Technological toys have not yet replaced traditional toys in the affections of preschool children, according to researchers at the Universities of Stirling and Strathclyde. In fact, in a study of the play activities of three and four year olds, the number of traditional toys in the home outnumbered technological toys by 3 to 1.
In spite of the fact that we live in a fast moving technological age which has extended the range of play possibilities for young children, the researchers found that traditional toys and activities like riding a bike or playing on the swings are still among the children’s favourites.
The results of the research will be presented to early years practitioners, policy makers and parents at a conference organised by the Scottish Universities Insight Institute, on Thursday and Friday 12 and 13 May. The two day programme will examine whether technological toys and games have changed the way that young children play and whether this has an effect on their learning – as well as implications for their teaching.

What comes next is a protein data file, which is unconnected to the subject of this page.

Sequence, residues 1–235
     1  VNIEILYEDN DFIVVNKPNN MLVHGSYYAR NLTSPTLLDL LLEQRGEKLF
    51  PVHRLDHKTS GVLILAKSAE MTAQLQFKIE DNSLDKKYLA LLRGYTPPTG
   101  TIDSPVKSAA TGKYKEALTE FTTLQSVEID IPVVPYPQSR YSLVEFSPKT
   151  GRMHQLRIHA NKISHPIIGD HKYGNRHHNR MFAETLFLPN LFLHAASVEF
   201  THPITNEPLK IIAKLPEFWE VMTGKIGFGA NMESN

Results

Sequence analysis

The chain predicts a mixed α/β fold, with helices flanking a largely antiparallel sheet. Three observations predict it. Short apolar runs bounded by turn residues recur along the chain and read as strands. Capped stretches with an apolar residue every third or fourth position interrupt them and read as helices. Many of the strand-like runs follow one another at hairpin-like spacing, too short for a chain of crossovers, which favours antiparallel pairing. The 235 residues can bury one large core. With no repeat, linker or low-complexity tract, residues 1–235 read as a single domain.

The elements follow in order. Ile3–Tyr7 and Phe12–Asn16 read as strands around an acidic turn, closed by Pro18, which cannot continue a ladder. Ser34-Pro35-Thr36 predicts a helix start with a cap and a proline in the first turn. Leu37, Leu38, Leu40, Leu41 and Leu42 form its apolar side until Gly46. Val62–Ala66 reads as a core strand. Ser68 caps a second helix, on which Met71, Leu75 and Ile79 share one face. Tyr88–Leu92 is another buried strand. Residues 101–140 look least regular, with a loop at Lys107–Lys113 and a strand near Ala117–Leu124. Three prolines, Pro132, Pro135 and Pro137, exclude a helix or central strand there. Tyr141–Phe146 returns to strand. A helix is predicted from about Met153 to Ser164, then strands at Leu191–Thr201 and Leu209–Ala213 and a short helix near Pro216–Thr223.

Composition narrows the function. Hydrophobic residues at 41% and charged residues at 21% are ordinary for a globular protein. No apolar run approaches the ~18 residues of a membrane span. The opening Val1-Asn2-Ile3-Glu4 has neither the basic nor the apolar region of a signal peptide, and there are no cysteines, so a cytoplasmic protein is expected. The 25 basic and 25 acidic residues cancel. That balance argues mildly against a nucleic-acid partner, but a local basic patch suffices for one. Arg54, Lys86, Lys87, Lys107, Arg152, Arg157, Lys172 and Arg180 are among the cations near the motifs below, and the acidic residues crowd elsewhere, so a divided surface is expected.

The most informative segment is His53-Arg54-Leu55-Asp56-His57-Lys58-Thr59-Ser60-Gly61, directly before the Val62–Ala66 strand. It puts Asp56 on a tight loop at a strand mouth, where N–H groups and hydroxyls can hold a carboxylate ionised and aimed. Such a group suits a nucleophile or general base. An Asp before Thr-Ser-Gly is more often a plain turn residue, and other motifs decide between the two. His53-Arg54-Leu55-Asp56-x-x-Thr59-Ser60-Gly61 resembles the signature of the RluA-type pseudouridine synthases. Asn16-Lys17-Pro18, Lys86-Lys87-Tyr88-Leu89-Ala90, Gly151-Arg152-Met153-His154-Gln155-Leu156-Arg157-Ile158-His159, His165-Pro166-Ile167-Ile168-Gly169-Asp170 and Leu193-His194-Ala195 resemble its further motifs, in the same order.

Dr Christine Stephen of the School of Education at Stirling says: “One of the new features of this work is that we have actually gone out and collected data about children’s play experiences in their homes - and doing this in their homes has prompted us to develop new ways of researching children’s use of technology, rather than by surveys or retrospective accounts.
“There is a strong debate about the influence of technology in children’s learning. Those who follow the ‘toxic childhood’ view believe that children shouldn’t be using technology, while others believe that technology is the way forward for early years learning.
“Our studies suggest that technological play contributes to four kinds of learning: learning how to use the toy or technological equipment, extending knowledge and understanding of the world, developing persistence, independence and other positive dispositions and knowing how to take part in the social and leisure world of family and friends.
“We also found that the technologies that children are permitted to play with depend on the attitudes and expectations of their parents. Children’s preferences make a difference too. Some are keen to play with technologies and like the kind of activities they offer but others prefer traditional toys and choose these even if there are others at home who are keen on using technologies.”
This research was funded by the Economic and Social Research Council.